Donald Trump: jerky sixth-grade power hitter

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Donald Trump isn’t having a great day.

On the morning when the United Kingdom and the world is reeling from the shocking and implication-heavy Brexit vote, Trump is in Scotland (a) fundamentally misunderstanding how people in Scotland feel about it all; (b) acting as if the event has no bearing on the world or foreign relations; and (c) talking about how, whatever this amounts to, all of this financial and political turmoil will be great for his golf resort.

Take that for what you will, but I’ll look at it optimistically. I mean, that Trump is manifestly unqualified and unsuitable for the office of the Presidency is something most people already agree on. Kudos to him, however, for continuing to make that case in an effort win over the remaining holdouts with respect to that point.

In other news, we do have some baseball-related Trump stuff. Yesterday the Washington Post produced a huge feature on Trump the man and Trump the boy. Part of that involved his youth baseball prowess, which has been said by many to have been pretty considerable. So considerable that the sixth graders in 1950s New York were giving him the David Ortiz treatment:

By sixth grade, Donald’s power as a right-handed hitter was enough that fielders shifted to left field when he batted. “If he had hit the ball to right, he could’ve had a home run because no one was there,” said Nicholas Kass, a schoolmate. “But he always wanted to hit the ball through people. He wanted to overpower them.”

My feelings about Trump notwithstanding, I’m with The Young Donald here. Shifts take away singles, not dingers and doubles to the gap. Maybe you try to push one past the pitcher and over toward second base to keep them honest on occasion, but play your game, not theirs. Hit the ball over the head of the shifted defense and tell them where to stick that noise.

Not that everything he did in baseball was laudable:

A catcher, Trump’s uniform was often the dirtiest on the field, and he shrugged off foul balls clanging off his mask. After once making an out, Donald smashed neighbor Jeff Bier’s Adirondack bat on the pavement. The bat cracked, Bier said, but Trump did not apologize.

I can imagine a 12 year-old Trump promising that he’d break Jeff Bier’s bat and make HIM pay for it, all to the whooping of an adoring crowd. When asked why he’d do that, he’d point to his batting average, say that he was very successful and that should be enough of a justification for anything he says and does.

No lease extension, but O’s and governor tout partnership

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The Baltimore Orioles and Maryland Gov. Wes Moore announced a joint commitment to what they called a “multi-decade, public-private partnership” to revitalize the Camden Yards sports complex.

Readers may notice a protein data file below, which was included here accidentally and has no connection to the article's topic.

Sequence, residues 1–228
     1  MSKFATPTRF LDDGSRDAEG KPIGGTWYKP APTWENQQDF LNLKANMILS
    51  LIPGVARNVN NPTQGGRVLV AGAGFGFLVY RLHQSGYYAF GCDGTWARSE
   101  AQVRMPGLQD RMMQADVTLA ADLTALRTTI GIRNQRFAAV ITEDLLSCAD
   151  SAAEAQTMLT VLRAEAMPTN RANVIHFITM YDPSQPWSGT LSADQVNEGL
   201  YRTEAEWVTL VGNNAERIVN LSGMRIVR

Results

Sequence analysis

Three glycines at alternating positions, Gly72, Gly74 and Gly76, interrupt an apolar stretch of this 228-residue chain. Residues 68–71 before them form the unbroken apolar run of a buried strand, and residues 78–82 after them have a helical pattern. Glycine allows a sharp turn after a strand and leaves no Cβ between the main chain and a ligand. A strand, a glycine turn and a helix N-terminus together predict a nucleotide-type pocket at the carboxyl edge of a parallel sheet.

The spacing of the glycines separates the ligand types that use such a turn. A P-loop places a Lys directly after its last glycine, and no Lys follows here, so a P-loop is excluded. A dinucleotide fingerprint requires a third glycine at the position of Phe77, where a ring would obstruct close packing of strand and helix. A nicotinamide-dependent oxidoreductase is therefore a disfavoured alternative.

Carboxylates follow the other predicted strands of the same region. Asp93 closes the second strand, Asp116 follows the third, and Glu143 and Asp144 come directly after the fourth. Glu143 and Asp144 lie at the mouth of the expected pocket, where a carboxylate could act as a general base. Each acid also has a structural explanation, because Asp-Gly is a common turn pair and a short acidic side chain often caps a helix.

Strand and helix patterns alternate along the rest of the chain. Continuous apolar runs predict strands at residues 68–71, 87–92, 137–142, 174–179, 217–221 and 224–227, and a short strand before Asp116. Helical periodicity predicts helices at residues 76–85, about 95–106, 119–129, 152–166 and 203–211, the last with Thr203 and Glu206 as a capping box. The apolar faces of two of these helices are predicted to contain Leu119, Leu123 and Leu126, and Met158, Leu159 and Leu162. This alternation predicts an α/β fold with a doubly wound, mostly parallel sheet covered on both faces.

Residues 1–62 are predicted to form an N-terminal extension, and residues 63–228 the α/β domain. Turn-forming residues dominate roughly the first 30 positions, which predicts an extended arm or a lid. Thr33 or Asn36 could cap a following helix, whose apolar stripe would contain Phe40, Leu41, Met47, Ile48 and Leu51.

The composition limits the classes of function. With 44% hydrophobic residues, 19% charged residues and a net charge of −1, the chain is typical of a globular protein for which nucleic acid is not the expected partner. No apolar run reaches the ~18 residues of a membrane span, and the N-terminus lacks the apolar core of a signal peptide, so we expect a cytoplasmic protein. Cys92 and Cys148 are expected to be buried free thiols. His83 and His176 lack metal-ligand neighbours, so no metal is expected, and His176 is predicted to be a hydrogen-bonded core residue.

The statement from the team and the state’s new governor came Wednesday, the deadline for the Orioles to exercise a one-time, five-year extension to their lease at Camden Yards. The team was not planning to exercise that option, according to a person with knowledge of the decision. The person spoke to The Associated Press on condition of anonymity because the club hadn’t announced its decision.

With no extension, the lease is set to expire at the end of this year, but the team and the Maryland Stadium Authority can keep negotiating. Wednesday’s joint release seemed to be an attempt to calm any nerves in Baltimore about the team’s future.

“I am looking forward to continuing to collaborate with Governor Moore, his administration, and the Maryland Stadium Authority in order to bring to Baltimore the modern, sustainable, and electrifying sports and entertainment destination the state of Maryland deserves,” Orioles CEO John Angelos said.

“We greatly appreciate Governor Moore’s vision and commitment as we seize the tremendous opportunity to redefine the paradigm of what a Major League Baseball venue represents and thereby revitalize downtown Baltimore. It is my hope and expectation that, together with Governor Moore and the new members and new chairman of the MSA board, we can again fully realize the potential of Camden Yards to serve as a catalyst for Baltimore’s second renaissance.”

Republican Larry Hogan, the state’s previous governor, signed a bill last year increasing bond authorization for M&T Bank Stadium, home of the Baltimore Ravens, and Camden Yards. The measure allowed borrowing of up to $600 million for each stadium.

“When Camden Yards opened 30 years ago, the Baltimore Orioles revolutionized baseball and set the bar for the fan experience,” Moore, a Democrat, said Wednesday. “We share the commitment of the Orioles organization to ensuring that the team is playing in a world-class facility at Camden Yards for decades to come and are excited to advance our public-private partnership.”

Angelos recently reaffirmed that the Orioles would stay in Baltimore, although he dressed down a reporter who asked for more clarity on the future of the team’s ownership situation. Angelos was sued last year by his brother Lou, who claimed John Angelos seized control of the Orioles at his expense.